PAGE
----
"Here, a child of the tender age of six was assaulted brutally and killed. The appellant was arrested on suspicion of having committed the crime. The police proceeded in accordance therewith and were supposed to have made discoveries as per the statements made by the appellant in custody, then in what manner can it be said that, at the time when such a positive call was required to be made by the authorities, reasonable grounds did not exist for the compliance with Section 53A to be a must? This, in the view of this Court is a glaring lapse in the investigation of this crime, for a six-year-old child was sexually assaulted on both of the private parts of her body. Medical examination of the appellant would have resulted into ascertainment of such assault," the bench said.
The 3-judge bench also pointed out there is no clarity of who took the samples of the appellant, since as per record one set of samples taken on June 14, 2010 were sent for chemical analysis on June 16, 2010 and the second sample taken, a month later on July 20, 2010 is sent the very same day.
"Why there exist these differing degrees of promptitude in respect of similar, if not the same natured scientific evidence, is unexplained," it said.
The court also noted the house from where the articles were recovered on June 17, 2010 was neither owned nor in the exclusive possession of the appellant. Instead, as is admitted by the Investigating Officer, it belonged to a third party. The Investigating Officer admits that the said house was occupied by one Ganesh Bheema, who was never examined in the case, so also why and what is that Munna Saroj (owner) disclosed on June 19, 2010, has not seen the light of the day. Their complicity in the crime has also not been ruled out.
"If the alleged house of the appellant was thoroughly searched on June 13, 2010, then the question of recovery of articles on June 16, 2010 should not arise. The house is nothing but a small room of 8.5 feet x 6.5. feet (out of which a bathroom was 2.5 feet x 2.5 feet). The police party in the absence of appellant had microscopically scanned the said room, and yet could not find any material allegedly recovered on June 16, 2010," it said.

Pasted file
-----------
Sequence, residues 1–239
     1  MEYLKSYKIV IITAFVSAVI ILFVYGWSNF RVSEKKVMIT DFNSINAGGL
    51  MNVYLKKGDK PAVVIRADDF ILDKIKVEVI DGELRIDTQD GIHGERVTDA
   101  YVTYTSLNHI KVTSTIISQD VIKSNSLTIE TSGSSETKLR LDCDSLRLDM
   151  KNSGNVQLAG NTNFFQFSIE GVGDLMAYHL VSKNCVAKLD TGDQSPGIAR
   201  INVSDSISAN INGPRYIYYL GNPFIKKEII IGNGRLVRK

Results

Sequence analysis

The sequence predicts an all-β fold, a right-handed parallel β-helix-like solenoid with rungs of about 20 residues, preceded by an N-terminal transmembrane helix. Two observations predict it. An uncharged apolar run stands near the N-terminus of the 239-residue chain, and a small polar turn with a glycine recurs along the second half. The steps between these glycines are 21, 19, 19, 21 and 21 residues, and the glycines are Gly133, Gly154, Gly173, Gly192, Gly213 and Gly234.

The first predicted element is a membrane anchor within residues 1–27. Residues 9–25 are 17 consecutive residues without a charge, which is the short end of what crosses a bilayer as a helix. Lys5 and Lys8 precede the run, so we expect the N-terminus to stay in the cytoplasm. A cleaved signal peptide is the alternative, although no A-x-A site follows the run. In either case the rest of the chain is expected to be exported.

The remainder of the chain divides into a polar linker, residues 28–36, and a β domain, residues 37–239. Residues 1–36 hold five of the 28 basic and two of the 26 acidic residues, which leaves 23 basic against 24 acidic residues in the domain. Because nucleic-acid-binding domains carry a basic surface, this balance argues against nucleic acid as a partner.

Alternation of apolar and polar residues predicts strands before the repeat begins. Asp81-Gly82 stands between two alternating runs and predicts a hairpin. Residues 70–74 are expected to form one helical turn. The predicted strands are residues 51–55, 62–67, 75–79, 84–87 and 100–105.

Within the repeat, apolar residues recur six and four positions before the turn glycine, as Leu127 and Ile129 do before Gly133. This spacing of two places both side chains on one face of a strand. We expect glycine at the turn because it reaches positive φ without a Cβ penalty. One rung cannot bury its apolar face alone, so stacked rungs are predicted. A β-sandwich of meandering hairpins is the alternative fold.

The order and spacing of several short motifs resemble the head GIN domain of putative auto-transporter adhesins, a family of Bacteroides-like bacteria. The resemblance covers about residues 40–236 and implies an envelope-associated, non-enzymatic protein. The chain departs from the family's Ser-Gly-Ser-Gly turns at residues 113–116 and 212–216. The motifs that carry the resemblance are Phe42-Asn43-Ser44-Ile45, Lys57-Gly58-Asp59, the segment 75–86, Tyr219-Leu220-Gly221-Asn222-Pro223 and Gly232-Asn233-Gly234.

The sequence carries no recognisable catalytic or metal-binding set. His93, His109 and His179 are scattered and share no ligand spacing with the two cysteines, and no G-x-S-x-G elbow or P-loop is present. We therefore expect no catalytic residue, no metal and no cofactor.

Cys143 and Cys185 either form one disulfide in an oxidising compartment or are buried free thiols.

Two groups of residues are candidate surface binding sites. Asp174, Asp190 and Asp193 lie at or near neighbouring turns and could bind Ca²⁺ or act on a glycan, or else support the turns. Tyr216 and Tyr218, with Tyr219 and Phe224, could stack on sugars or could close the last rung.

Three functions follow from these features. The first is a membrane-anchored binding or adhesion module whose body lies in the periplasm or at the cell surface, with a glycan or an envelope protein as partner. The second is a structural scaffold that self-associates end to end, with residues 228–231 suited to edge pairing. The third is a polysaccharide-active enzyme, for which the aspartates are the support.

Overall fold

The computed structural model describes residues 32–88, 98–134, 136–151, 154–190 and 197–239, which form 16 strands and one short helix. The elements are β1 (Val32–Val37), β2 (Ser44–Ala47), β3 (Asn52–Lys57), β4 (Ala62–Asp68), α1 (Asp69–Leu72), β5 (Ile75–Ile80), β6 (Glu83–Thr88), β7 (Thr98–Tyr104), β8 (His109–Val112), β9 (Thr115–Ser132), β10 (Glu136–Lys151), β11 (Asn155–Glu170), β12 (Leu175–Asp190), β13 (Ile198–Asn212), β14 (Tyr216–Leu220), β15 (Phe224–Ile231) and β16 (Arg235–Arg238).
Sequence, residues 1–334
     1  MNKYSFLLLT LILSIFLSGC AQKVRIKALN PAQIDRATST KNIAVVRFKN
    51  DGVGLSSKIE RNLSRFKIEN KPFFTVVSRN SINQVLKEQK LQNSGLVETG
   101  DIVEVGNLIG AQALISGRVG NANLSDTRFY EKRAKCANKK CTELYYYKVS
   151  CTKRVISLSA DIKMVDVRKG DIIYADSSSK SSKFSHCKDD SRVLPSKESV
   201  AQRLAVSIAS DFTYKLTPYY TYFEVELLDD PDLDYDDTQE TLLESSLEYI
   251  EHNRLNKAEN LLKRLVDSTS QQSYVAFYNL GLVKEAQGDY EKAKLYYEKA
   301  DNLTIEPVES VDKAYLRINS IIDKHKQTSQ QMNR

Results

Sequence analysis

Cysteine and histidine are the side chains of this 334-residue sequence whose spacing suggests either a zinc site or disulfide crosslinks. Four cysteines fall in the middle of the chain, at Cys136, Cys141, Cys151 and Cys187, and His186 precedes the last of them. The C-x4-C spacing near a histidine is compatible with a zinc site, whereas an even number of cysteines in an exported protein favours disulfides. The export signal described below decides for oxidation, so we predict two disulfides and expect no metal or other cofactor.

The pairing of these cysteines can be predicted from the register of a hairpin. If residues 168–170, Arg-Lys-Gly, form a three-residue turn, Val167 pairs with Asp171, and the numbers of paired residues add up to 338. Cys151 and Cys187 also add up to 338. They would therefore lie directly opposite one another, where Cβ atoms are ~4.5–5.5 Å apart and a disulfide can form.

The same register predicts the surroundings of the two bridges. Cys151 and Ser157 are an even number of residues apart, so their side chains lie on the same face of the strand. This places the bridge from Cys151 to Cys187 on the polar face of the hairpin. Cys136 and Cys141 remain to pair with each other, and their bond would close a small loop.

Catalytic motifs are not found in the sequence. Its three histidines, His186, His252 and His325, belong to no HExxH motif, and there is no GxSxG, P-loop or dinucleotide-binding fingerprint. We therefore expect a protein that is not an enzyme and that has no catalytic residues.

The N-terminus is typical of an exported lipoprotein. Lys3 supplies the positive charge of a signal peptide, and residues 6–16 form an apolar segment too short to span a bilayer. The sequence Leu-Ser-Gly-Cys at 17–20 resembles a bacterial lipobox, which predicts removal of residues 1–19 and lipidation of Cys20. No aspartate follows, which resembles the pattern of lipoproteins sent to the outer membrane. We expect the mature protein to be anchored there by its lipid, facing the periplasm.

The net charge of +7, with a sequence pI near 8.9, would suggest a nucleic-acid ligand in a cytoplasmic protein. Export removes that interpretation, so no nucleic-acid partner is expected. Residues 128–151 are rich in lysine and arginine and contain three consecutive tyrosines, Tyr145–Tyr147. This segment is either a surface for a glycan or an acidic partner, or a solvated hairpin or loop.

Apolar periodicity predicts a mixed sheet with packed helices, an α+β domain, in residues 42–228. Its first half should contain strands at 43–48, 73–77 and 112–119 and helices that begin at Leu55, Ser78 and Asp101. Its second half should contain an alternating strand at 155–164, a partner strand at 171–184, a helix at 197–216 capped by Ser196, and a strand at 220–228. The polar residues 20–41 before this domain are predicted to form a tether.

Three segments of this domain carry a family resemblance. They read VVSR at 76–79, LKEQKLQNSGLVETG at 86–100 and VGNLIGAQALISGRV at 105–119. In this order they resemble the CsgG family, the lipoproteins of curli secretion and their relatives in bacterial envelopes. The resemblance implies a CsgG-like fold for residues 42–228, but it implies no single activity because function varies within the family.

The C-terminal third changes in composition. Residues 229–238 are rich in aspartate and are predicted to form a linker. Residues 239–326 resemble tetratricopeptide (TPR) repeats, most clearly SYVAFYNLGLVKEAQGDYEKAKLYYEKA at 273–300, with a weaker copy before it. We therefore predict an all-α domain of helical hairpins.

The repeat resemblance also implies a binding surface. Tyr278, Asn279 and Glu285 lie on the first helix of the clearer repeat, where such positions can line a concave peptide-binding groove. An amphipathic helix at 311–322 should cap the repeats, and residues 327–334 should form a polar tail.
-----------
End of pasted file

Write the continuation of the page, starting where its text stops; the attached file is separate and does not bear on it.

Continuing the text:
However, the court observed it is true that the unfortunate incident did take place, and the prosecutrix sustained multiple injuries on her body and surely must have suffered great pain, agony, and trauma.
"At the tender age of 6, a life for which much was in store in the future was terrifyingly destroyed and extinguished. The parents of the prosecutrix suffered an unfathomable loss; a wound for which there is no remedy. Despite such painful realities being part of this case, we cannot hold within law, the prosecution to have undergone all necessary lengths and efforts to take the steps necessary for driving home the guilt of the appellant and that of none else in the crime," the bench said.
Case Title: Prakash Nishad @ Kewat Zinak Nishad vs. State of Maharashtra
Please Login or Register